Since the time the first parent trigger measures entered law books in states across the country, the method of parents taking control and defining the direction of their local schools been mired in controversy. However, until this fall, the arguments – both pro and against – were grounded in theory. That is about to change, and as Natasha Lindstrom of Hechinger Report explains, three schools overhauled under parent trigger law provisions will open their doors in Southern California.
California was the first state to pass a parent trigger measure in 2010. Soon after, the first test case – the Desert Trails Preparatory Academy in Adelanto – hit the courts. After years of legal back-and-forth, Desert Trails is set to open as a charter next month.
Yet even before people draw conclusions on the law's first successes, Lindstrom argues that the whole enterprise is doomed.
When the law was passed in 2010, Former California State Sen. Gloria Romero, its author, compared it to the civil rights movement five decades before, and envisioned bipartisan support for parent trigger laws spreading to state legislatures across the nation. The 2012 Hollywood movie "Won't Back Down" aimed to build legislative momentum, but the box office flop only seemed to draw more critics. Three and a half years later, Romero's grand vision seems remote as opposition grows to any bill that even resembles a parent trigger. No group has succeeded in invoking a parent trigger law—or even made a full-fledged attempt—outside of southern California.
In one way, parent trigger laws might have been victims of a feeling of mistrust of anything associated with the school reform movement. Oklahoma's state senator David Holt and Florida state senator Kelli Stargel make similar points – the inherent value of parent trigger laws has been consumed in a broader ideological battle. It is no longer about giving parents more a voice in the running of their local schools, they suggest — it is now a small skirmish in the grand political fight between the education establishment and those who seek to challenge the status quo.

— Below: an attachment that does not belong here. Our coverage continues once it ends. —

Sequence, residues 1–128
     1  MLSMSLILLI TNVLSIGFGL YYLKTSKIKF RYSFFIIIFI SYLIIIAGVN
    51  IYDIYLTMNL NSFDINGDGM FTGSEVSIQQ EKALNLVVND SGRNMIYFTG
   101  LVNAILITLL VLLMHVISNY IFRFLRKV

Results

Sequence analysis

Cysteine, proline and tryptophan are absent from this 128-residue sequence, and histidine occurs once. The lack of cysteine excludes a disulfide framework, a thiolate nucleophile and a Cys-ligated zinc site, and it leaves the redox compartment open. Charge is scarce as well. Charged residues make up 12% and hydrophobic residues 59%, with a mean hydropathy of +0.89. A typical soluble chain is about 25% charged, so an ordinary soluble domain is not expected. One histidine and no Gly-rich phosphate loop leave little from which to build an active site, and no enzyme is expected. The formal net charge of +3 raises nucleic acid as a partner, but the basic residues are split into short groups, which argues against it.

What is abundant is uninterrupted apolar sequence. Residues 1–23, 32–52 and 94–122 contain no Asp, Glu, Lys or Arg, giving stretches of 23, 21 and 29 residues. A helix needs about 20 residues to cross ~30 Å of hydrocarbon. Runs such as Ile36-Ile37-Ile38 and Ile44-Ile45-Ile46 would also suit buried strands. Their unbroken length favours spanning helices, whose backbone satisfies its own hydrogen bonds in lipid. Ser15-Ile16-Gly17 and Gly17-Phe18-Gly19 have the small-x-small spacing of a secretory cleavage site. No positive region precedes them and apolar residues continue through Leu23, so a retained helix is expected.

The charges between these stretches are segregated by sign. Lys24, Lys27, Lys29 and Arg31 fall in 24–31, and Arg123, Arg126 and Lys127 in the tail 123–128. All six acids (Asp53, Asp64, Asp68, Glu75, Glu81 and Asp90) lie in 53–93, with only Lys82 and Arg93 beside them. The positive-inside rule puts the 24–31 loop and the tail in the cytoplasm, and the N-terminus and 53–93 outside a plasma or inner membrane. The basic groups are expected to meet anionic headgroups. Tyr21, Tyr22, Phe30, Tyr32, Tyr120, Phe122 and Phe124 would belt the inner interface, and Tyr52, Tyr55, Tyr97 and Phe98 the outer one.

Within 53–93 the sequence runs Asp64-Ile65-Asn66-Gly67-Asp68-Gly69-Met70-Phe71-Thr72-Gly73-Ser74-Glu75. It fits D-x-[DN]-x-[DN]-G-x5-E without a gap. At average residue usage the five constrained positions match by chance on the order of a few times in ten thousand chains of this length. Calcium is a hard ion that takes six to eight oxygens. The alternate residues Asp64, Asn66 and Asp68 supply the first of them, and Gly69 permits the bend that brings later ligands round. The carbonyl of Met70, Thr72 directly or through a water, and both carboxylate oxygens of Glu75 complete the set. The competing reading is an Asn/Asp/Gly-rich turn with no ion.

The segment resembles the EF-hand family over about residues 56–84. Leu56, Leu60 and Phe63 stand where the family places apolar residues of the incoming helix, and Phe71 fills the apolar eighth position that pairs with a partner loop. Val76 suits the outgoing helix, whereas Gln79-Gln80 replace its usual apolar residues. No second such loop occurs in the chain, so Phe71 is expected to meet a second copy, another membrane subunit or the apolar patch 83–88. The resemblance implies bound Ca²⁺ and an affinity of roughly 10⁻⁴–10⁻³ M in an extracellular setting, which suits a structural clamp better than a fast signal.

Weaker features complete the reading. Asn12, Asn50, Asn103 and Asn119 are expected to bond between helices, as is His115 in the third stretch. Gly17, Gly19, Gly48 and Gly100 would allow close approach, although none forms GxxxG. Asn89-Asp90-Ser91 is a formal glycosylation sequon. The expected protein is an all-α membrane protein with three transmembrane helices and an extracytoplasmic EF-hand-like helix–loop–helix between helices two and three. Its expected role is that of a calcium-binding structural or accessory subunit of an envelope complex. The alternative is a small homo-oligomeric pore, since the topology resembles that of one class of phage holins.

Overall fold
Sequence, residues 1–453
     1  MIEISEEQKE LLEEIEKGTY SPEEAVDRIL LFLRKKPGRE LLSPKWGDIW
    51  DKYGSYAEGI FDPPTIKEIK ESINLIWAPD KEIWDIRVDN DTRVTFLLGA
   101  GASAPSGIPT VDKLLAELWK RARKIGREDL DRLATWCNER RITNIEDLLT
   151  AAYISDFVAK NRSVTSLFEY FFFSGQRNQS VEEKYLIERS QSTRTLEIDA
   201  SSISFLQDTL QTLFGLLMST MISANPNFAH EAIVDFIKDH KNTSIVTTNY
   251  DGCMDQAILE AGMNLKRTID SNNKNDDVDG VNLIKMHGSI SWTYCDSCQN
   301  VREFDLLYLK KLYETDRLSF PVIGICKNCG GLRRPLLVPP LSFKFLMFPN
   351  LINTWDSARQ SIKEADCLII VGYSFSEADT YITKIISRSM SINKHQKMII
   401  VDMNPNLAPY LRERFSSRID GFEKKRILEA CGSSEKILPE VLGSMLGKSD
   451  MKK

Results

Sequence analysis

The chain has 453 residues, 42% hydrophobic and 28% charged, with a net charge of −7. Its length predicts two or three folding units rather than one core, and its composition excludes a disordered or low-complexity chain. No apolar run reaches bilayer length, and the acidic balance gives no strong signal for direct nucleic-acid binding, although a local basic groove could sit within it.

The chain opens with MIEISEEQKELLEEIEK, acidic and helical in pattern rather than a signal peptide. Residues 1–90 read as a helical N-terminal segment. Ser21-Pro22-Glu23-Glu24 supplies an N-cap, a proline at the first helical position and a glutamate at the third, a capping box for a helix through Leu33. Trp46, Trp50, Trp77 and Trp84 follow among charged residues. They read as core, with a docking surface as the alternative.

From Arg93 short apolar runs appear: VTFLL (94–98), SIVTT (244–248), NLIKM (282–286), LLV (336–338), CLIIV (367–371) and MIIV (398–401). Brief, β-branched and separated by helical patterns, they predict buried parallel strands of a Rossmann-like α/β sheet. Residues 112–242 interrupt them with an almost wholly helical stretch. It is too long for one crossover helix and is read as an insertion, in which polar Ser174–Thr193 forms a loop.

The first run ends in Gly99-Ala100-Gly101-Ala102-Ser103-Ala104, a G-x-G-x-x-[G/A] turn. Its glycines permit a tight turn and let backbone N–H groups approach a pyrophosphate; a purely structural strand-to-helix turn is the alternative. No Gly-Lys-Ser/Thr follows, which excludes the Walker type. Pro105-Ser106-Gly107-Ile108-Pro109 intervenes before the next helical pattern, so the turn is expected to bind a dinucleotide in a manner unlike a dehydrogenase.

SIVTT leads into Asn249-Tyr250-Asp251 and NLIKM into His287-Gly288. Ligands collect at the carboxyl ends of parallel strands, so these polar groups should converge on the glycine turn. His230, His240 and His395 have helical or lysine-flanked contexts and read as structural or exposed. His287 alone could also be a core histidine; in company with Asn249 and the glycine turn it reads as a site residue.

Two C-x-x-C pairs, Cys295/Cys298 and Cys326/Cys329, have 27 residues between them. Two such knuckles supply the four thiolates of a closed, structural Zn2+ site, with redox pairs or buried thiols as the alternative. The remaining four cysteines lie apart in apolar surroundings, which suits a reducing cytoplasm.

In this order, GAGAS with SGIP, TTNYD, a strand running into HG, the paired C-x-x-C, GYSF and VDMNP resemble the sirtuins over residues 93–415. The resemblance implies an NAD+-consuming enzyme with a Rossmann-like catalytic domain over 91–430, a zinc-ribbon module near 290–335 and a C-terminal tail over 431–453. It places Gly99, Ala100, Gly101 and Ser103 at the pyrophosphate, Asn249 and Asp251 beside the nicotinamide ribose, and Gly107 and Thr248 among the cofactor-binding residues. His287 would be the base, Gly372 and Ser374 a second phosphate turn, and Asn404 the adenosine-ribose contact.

Non-profit Parent Revolution has been working to change the image and implementation of the parent trigger. The national group and its local chapters have been behind the efforts to introduce parent trigger legislation in more than 20 states, although of the versions currently before lawmakers, the group supports only 14.
But Parent Revolution's efforts don't stop when the bills are signed. Without their organizing ability, it's unlikely the laws would have notched the three victories they have.
And parents do need that push. Even in states where laws are already on the books, parents seem disinclined to take advantage of the powers given to them. According to a Stateline story earlier this year, only handful of attempts to use the laws have been made.
Although more than 25 states have either adopted or proposed adopting parent trigger laws, according to Adrienne Lu writing for Stateline – a news service for The Pew Charitable Trust – so far there have been only a handful of attempts by parent groups to make use of those laws to force changes on failing schools.